Amazon Kindle Fire HDX review:

Amazon Kindle Fire HDX

Amazon has its own Web browser, email client and contacts apps, all of which seemed to work fine in my time with the device, although not being able to use the standard Chrome browser that comes on the Nexus 7 was a pain for me as I have everything synced on that.

Music comes courtesy of Amazon's Cloud Player, which will contain digital copies of most CDs you've bought directly from the company over the years. You can also upload 250 songs for free to Amazon's servers, then listen to them on the Kindle and other devices. Paying £22 a year increases that to 250,000 songs. Or you can simply transfer them across from a computer using a USB cable.

Newsstand lets you buy digital magazines, complete with patronising labels like 'Magazines for her' (Glamour, All About Soap, Look) and 'Magazines for him' (Nuts, Top Gear, Hornby, F1). It's just like being in WHSmith.

No downloadable video

Where things really go wrong, however, is when you try to buy video to watch on the device. You can't -- simple as that. The Kindle Fire uses Lovefilm for all the movie and TV things, and unless you have an Internet connection, that doesn't work. It's streaming only, so if you're hoping to buy a tablet to watch video on the train, or somewhere else without a decent Internet connection, don't buy this. If you already have the video file, you can transfer it over to the Kindle via USB. You can also install the Netflix app, but that's streaming-only too, so doesn't help much.

In the US, subscribers to Amazon Prime get to download some video for free, but that service isn't available here. Contrast this with the iPad or most tablets that use Android, such as the Nexus 7, where you can simply buy the video you want, download and watch wherever.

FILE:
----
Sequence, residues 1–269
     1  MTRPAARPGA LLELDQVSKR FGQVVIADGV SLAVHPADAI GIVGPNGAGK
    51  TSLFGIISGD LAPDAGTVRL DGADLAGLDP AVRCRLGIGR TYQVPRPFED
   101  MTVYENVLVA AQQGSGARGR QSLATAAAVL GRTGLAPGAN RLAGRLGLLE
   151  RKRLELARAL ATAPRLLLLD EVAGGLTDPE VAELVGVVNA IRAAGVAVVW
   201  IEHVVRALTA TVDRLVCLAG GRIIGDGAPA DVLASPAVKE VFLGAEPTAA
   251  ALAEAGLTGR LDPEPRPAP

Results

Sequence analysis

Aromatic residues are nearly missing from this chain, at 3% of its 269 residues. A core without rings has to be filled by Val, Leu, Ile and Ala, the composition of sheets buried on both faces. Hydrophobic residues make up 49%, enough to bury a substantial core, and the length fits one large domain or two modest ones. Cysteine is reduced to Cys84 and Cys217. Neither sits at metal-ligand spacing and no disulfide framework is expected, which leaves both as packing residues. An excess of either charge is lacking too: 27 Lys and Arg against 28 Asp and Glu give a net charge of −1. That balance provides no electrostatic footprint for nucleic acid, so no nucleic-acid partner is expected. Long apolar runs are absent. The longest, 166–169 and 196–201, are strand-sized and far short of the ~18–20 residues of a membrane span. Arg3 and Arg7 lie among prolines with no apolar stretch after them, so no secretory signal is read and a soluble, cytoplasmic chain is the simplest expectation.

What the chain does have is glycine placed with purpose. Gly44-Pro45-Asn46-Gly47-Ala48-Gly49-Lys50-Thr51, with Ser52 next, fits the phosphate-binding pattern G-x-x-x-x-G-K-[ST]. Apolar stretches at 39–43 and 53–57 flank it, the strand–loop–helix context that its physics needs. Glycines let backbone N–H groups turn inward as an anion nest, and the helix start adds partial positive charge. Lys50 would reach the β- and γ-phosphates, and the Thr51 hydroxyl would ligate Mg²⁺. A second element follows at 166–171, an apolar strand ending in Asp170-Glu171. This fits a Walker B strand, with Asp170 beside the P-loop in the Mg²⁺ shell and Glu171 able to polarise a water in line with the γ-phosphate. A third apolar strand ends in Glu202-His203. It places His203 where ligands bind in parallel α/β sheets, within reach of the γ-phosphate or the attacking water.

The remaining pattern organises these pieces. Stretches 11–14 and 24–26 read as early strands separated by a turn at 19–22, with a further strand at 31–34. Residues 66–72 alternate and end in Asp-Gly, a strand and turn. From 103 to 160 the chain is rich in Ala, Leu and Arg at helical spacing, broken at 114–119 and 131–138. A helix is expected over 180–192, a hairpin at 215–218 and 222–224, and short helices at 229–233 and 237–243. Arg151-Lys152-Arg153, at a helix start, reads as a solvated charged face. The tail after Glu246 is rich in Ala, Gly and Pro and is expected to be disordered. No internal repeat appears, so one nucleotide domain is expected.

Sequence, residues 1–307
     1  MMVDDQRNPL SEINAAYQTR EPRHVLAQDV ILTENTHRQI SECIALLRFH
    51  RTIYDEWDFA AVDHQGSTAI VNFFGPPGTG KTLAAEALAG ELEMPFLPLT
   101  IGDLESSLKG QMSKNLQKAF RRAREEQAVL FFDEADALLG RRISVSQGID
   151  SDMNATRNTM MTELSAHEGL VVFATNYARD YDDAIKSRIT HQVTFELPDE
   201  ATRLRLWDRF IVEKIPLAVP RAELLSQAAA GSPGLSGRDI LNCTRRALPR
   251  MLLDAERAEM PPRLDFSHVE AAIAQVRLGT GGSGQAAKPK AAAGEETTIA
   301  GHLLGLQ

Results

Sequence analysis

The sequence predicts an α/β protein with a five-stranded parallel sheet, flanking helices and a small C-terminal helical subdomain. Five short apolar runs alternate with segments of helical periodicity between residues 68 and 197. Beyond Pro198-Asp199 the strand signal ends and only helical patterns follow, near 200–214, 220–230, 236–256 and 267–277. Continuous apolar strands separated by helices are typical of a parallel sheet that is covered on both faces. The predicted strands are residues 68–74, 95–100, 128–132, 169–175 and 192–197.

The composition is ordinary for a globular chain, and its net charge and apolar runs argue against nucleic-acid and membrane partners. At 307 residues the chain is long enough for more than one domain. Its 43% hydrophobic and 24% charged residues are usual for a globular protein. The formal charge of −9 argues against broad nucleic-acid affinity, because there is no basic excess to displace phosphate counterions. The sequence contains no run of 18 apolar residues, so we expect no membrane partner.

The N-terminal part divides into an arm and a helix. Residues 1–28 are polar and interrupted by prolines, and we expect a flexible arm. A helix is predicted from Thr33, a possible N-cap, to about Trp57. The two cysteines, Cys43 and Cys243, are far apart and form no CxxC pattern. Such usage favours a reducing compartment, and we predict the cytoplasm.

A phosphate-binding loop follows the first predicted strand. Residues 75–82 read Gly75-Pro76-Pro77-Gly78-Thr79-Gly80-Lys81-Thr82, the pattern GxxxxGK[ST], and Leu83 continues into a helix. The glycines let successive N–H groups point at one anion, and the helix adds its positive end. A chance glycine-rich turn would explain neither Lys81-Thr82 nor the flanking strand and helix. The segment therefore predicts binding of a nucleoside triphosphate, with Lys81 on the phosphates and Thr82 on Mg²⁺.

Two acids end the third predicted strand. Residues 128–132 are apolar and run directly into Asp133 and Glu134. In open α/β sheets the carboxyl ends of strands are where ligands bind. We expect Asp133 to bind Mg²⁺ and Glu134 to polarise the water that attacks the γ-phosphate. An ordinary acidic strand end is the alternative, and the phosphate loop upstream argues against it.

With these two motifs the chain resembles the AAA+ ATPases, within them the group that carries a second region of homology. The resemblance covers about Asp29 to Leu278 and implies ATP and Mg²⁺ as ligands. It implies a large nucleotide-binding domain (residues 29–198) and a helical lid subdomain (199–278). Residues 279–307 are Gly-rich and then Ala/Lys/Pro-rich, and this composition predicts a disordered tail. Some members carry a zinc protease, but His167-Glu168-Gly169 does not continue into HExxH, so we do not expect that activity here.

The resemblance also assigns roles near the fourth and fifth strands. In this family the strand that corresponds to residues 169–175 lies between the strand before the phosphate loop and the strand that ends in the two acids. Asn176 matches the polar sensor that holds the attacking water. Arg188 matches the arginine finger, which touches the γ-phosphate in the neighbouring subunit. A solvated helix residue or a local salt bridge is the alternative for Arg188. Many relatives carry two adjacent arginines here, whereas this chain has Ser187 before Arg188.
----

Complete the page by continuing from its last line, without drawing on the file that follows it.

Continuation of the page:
Amazon Kindle Fire HDX hands on
You can't download video -- it's streaming only.

That points to the essential flaw with the Kindle Fire HDX in the UK. Almost all the really cool things it does, with the exception of the Mayday feature, can be done on a rival tablet using Amazon's own apps. Want a colour e-reader? Buy another tablet and install the Kindle app on it. Like the idea of Amazon Music? Just install the app on your phone. And so on.


This isn't a bad product by any means, it's just not as good as the competition, which shows just how competitive the sector has become, and how much you get for your money now.

It costs £10 more than Google's equivalent, the Nexus 7, and that's for the version that shoehorns irritating ads onto the lock screen. With a better video service, it would be worth a look, but unless you really need the Mayday feature, you're basically buying a fancy colour e-reader.

What you'll pay

    Visit manufacturer site for details.

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